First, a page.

This summary of an International Myopia Institute (IMI) white paper was created by and is used with permission from the Centre for Ocular Research & Education (CORE) at the University of Waterloo’s School of Optometry & Vision Science in Waterloo, Ontario, Canada. It originally appeared in the April 2019 issue of Contact Lens Update, CORE’s free access online resource.
The purpose of this review was to undertake a critical analysis of published papers and guidance documents, with a view to carefully considering the ethical standards associated with the investigation, development, registration, marketing, prescription and use of myopia control (MC) treatments. The review describes in detail the roles and responsibilities of a wide variety of stakeholders, including regulatory bodies, manufacturers, academics, eye care practitioners (ECPs) and patients. Particular attention is given to the ethical considerations for deciding whether to implement a myopia control strategy and how to implement this within a clinical trial or practice setting. Finally, the responsibilities in marketing, support and education required to transfer required knowledge and skills to eye care practitioners and academics are discussed.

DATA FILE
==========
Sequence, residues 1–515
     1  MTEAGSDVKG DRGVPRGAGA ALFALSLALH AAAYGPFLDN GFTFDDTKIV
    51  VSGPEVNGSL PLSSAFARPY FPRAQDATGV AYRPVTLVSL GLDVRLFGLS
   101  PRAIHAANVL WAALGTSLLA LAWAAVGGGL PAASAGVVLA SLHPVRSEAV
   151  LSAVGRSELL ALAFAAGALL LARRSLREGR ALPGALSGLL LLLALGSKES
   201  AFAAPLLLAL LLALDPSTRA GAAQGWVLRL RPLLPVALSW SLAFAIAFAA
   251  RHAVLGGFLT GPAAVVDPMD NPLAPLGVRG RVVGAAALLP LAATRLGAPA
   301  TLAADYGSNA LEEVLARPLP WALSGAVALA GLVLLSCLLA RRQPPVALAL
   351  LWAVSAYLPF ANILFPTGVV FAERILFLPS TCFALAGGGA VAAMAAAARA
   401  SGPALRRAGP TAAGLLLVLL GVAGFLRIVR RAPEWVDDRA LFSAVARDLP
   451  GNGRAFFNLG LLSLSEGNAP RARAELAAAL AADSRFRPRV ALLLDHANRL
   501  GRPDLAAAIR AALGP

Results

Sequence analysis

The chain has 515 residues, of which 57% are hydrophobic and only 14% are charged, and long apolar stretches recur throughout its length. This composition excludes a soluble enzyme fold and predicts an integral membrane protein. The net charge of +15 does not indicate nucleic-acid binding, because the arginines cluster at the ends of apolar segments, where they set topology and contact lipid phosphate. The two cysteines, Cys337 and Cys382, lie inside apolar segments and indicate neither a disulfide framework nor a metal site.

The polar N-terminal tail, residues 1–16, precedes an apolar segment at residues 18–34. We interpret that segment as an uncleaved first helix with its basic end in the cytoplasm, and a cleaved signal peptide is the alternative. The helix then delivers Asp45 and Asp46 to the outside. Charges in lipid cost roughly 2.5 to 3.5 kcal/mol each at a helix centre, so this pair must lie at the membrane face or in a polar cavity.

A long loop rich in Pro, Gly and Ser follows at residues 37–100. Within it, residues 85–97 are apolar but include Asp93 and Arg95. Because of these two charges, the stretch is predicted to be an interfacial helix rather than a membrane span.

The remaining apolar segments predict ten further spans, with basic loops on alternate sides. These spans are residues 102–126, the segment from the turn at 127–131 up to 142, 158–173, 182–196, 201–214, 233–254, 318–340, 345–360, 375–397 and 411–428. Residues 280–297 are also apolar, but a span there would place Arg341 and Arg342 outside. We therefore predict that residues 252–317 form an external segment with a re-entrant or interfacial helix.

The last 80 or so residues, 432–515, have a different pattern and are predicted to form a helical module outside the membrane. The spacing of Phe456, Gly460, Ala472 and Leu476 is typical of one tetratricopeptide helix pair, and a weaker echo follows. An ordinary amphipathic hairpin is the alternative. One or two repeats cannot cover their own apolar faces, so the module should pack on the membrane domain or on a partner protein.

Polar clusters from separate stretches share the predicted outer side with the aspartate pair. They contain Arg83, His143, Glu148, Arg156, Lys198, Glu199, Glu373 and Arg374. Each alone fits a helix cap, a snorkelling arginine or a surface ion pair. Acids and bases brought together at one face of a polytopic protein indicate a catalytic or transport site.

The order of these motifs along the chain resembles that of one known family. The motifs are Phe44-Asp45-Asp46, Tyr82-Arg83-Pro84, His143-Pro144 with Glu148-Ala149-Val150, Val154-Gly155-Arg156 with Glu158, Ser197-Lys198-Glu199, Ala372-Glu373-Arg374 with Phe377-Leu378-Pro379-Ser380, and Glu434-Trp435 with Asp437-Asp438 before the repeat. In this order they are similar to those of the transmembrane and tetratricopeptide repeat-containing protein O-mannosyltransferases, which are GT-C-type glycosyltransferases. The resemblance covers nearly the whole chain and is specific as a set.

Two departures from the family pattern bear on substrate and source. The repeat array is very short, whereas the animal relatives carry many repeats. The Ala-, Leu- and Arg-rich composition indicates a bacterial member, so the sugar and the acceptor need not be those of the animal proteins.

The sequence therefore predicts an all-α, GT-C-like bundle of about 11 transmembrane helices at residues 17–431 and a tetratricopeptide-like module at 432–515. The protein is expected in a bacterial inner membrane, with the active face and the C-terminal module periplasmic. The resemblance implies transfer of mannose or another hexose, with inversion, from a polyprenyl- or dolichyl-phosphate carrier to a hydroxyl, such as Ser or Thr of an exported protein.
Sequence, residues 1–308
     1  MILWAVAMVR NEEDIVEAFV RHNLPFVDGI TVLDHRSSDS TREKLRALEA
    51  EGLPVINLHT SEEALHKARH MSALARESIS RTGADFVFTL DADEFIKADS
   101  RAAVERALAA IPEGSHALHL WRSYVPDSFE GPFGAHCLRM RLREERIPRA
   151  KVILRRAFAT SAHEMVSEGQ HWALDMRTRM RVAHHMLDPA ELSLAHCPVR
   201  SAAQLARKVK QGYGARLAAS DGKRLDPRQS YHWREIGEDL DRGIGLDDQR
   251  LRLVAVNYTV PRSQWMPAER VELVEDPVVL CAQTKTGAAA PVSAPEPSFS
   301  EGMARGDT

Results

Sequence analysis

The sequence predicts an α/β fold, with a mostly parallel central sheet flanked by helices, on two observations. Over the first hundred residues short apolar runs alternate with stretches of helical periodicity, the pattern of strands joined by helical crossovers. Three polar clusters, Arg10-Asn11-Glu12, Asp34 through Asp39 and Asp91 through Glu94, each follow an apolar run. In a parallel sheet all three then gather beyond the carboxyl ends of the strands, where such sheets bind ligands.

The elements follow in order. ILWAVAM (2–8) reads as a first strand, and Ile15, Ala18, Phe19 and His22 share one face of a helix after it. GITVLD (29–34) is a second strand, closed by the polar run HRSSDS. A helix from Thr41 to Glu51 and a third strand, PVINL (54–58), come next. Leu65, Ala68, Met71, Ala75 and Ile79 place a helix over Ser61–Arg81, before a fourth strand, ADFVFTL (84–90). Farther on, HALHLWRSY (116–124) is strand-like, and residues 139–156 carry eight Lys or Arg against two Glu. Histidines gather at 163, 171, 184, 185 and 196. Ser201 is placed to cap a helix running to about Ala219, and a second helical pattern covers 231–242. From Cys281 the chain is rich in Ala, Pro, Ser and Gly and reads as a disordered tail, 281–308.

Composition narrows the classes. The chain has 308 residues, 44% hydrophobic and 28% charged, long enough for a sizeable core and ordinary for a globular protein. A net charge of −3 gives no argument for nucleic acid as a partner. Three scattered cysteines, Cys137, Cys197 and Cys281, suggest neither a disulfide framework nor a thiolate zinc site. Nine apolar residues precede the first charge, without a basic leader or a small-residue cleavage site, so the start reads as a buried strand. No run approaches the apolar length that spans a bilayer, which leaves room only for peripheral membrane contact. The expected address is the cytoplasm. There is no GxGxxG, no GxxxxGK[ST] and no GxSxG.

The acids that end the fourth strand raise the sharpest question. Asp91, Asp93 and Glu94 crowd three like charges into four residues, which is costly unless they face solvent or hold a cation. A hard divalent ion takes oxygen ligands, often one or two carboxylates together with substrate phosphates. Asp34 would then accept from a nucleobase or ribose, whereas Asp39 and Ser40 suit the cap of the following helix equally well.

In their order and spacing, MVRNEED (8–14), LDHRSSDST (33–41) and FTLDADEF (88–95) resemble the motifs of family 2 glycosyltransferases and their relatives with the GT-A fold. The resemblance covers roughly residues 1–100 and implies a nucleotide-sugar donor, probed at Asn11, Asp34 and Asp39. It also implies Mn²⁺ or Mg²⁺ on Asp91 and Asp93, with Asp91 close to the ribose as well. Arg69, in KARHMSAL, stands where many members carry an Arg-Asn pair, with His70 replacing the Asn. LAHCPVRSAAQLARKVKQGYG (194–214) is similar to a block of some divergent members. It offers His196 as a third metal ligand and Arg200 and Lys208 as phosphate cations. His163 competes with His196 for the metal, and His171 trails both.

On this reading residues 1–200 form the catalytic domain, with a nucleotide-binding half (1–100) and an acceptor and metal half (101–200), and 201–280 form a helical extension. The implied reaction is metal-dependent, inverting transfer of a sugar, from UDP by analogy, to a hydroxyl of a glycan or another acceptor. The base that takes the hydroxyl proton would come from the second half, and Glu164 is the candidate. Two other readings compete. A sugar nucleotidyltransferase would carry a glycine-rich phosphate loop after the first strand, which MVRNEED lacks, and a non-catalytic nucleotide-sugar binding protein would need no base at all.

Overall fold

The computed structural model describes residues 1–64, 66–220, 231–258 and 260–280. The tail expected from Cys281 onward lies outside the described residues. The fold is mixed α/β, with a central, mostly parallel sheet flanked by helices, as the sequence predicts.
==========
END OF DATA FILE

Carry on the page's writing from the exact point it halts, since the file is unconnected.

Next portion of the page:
There are a variety of important ethical considerations to reflect upon when undertaking MC treatments on vulnerable populations. Some of these considerations for ECPs, industry and researchers and educators are summarised in the tables below.
For ECPs, it is essential to provide appropriate information to patients who are at risk of developing myopia or for whom myopia-related pathology could occur due to rapidly progressing myopia. An ability to convey these potential risks, in an unbiased and unemotional way, is the first step in ensuring that children and parents understand why consideration of undertaking MC management is of importance. These considerations place a burden of responsibility on the practitioner to be fully cognizant of the risks for the patient of developing different levels of myopia, the implications that progression to higher levels of myopia may have, the likely benefits of treatment, the side-effects of treatment, and other associated factors, so as to provide appropriate advice and care.
In conclusion, undertaking myopia control treatment in minors creates an ethical challenge for a wide variety of stakeholders. Regulatory bodies, manufacturers, academics and clinicians all share an ethical responsibility to ensure that the products used for myopia control are safe and efficacious and that patients understand the benefits and potential risks of such products. This IMI report highlights these ethical challenges and provides stakeholders with issues to consider in the development, financial support, prescribing and advertising of such treatments.